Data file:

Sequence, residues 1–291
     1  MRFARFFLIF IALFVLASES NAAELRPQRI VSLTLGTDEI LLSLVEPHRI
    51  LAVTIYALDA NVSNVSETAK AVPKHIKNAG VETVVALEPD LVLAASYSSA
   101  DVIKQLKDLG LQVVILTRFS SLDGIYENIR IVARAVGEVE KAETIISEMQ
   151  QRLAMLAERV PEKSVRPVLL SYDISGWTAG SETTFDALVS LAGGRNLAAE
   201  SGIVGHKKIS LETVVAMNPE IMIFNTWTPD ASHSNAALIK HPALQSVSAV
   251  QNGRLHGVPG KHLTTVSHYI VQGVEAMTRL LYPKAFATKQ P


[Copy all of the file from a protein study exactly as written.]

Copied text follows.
Sequence, residues 1–291
     1  MRFARFFLIF IALFVLASES NAAELRPQRI VSLTLGTDEI LLSLVEPHRI
    51  LAVTIYALDA NVSNVSETAK AVPKHIKNAG VETVVALEPD LVLAASYSSA
   101  DVIKQLKDLG LQVVILTRFS SLDGIYENIR IVARAVGEVE KAETIISEMQ
   151  QRLAMLAERV PEKSVRPVLL SYDISGWTAG SETTFDALVS LAGGRNLAAE
   201  SGIVGHKKIS LETVVAMNPE IMIFNTWTPD ASHSNAALIK HPALQSVSAV
   251  QNGRLHGVPG KHLTTVSHYI VQGVEAMTRL LYPKAFATKQ P